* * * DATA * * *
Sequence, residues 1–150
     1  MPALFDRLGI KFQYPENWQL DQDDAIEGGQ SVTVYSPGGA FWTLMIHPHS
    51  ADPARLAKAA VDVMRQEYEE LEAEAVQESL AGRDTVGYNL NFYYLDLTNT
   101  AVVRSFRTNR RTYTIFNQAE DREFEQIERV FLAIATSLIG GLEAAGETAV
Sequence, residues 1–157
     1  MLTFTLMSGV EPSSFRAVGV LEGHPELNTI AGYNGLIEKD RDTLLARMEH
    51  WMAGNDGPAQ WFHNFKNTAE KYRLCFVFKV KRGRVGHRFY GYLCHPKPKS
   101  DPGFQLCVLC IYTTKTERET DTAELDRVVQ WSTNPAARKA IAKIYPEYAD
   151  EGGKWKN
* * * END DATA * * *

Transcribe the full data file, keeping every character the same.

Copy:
Sequence, residues 1–150
     1  MPALFDRLGI KFQYPENWQL DQDDAIEGGQ SVTVYSPGGA FWTLMIHPHS
    51  ADPARLAKAA VDVMRQEYEE LEAEAVQESL AGRDTVGYNL NFYYLDLTNT
   101  AVVRSFRTNR RTYTIFNQAE DREFEQIERV FLAIATSLIG GLEAAGETAV
Sequence, residues 1–157
     1  MLTFTLMSGV EPSSFRAVGV LEGHPELNTI AGYNGLIEKD RDTLLARMEH
    51  WMAGNDGPAQ WFHNFKNTAE KYRLCFVFKV KRGRVGHRFY GYLCHPKPKS
   101  DPGFQLCVLC IYTTKTERET DTAELDRVVQ WSTNPAARKA IAKIYPEYAD
   151  EGGKWKN